The Fed

Powell says a March rate cut is not likely. But don’t overlook his other comments.

Fed is waiting to see ‘whites of 2% inflation’s eyes’ before pulling the trigger, one economist says

Federal Reserve Chair Jerome Powell leaves his press conference on Wednesday.

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Federal Reserve Chair Jerome Powell used his press conference Wednesday to throw cold water on market expectations that the Fed would begin to cut interest rates in March.

“Based on the meeting today, I would tell you that I don’t think it is likely that the committee will reach a level of confidence by the time of the March meeting to identify March as the time to do that, but that is to be seen,” Powell said.

“So, I wouldn’t call it … the most likely case, or what we would call the base case,” he added.

“A March cut? Fuhggeddaboutdit!” wrote Derek Holt, head of capital markets economics at Scotiabank, in a note to clients.

Stocks SPX DJIA closed lower and the 10-year Treasury note yield BX:TMUBMUSD10Y fell below 4% after Powell’s press conference.

Here are some key takeaways from the Fed chair’s press conference.

The Fed wants to see ‘the whites of 2% inflation’s eyes’

Bill Adams, chief economist for Comerica Bank, said Fed officials were badly burned in late 2021 and 2022 when they thought high inflation would be transitory. They want to avoid making the same mistake now, he said.

“The Fed will wait to pull the trigger on rate cuts until they see the whites of 2% inflation’s eyes,” Adams said.

The central bank is likely to start cutting rates in June, Adams said.

Powell wouldn’t say how many months it might take until the Fed has more confidence to ease. “I’m not going to put a number on it,” he said.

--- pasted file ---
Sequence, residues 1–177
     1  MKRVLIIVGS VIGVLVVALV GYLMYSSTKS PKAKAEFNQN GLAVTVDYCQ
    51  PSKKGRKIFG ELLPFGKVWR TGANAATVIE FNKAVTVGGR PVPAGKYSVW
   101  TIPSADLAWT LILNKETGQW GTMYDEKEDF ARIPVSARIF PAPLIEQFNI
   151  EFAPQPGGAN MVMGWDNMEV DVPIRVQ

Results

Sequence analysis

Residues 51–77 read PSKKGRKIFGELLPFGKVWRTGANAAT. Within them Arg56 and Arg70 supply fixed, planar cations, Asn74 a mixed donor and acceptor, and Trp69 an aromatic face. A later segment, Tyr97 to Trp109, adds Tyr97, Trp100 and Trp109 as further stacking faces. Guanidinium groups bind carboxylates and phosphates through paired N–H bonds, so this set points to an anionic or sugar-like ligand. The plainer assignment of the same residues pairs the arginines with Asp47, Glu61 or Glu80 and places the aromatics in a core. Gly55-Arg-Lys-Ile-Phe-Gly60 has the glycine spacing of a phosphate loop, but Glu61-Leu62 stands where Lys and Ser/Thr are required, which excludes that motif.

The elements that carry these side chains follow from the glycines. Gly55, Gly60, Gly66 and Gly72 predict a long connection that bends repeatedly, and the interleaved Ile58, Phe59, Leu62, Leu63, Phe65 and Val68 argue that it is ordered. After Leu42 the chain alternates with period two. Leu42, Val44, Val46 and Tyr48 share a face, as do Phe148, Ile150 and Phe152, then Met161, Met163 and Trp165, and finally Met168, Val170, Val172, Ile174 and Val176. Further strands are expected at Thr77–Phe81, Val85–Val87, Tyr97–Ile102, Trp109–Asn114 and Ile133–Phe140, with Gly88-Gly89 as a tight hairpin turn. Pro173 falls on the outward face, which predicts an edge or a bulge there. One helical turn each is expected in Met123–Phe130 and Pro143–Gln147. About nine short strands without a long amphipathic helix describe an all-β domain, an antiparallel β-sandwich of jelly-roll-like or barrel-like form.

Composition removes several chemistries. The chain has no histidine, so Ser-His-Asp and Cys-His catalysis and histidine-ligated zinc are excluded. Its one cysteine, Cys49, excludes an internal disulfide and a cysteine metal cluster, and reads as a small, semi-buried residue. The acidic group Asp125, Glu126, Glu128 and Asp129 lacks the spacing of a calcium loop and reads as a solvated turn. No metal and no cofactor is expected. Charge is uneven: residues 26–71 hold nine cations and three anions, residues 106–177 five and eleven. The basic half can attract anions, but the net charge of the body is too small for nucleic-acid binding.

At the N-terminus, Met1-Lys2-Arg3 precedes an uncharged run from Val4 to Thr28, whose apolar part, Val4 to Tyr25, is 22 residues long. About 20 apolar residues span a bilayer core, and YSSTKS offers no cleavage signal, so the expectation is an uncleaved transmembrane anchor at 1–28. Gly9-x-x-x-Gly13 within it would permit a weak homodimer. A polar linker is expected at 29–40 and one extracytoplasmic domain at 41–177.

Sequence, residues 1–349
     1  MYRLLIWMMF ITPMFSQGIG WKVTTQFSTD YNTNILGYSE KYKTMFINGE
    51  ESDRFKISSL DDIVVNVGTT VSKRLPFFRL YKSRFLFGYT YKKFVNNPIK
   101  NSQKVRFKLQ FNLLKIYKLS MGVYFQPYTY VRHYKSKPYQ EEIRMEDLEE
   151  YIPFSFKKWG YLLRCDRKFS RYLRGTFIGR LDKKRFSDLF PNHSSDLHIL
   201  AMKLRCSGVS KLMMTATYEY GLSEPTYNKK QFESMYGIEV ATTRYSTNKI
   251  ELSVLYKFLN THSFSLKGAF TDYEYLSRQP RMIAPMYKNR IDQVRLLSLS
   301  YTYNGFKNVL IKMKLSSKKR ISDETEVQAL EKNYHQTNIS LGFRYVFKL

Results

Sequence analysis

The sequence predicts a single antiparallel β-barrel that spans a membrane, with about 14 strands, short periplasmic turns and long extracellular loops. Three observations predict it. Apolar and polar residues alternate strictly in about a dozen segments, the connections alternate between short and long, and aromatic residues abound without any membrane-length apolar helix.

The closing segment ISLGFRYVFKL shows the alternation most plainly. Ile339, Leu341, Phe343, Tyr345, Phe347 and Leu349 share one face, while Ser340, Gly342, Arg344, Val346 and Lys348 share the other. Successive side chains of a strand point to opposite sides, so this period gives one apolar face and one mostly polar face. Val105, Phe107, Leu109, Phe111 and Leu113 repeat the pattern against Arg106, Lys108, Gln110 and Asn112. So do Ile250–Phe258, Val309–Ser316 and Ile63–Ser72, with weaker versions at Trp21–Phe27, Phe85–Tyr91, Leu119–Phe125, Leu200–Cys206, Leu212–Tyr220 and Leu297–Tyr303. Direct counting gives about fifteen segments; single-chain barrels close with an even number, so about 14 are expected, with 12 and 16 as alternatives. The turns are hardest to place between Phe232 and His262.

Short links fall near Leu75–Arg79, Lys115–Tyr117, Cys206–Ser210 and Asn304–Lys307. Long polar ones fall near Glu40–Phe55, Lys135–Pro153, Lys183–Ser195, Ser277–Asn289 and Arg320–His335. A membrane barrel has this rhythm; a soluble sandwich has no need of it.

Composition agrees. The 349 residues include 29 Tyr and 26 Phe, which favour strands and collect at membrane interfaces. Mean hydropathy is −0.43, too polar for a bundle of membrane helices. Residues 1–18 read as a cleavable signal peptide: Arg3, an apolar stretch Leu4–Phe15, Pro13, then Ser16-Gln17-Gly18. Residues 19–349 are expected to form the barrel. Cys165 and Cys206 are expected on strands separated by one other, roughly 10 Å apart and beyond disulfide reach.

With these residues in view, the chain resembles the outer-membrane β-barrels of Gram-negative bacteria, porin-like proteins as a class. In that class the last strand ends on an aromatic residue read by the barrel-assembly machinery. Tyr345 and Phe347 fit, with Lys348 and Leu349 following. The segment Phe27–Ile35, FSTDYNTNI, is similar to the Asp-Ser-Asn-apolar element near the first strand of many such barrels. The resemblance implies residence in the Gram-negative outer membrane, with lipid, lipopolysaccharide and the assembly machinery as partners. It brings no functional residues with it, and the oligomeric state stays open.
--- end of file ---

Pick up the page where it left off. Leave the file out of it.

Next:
Once the Fed starts cutting, it might be hard to stop

Greg Daco, chief economist at EY, said Powell seemed to suggest that rate cuts will come at every meeting once the easing cycle starts.

He noted that Powell said the first cut “is a highly consequential decision to start the process of dialing back on restrictions. We want to get that right.”

Quantitative tightening may last longer than many expect

Scotiabank’s Holt noticed that Powell said the Fed would begin to mull changes to its ongoing program to shrink its balance sheet, known as quantitative tightening, in March, and that the Fed was “looking at a variety of things over the next year or so.”

Holt said that might be a reference to “the kind of timeline they have in mind for ending [quantitative tightening]. That comment might imply rejection of a sudden ending of QT and a more compressed timeline.”

Many economists think the quantitative tightening will end sometime later this year.

Fed wants more data on goods prices and rents before it’s confident about inflation

Omair Sharif, president of Inflation Insights, said Powell’s comments suggest that Fed officials are worried that core goods prices might start to pick up after months of declines.

“Core goods have been the main driver of the deceleration” in core personal consumption expenditures and the core consumer-price index. “It seems like the Fed isn’t convinced that this will last,” Sharif said.

“Additionally, as I’ve noted in recent months, I think the Fed would like to see a couple months of softer rent/owners equivalent rent data to feel more confident that shelter will start to more forcefully pull down core inflation in coming months,” he said.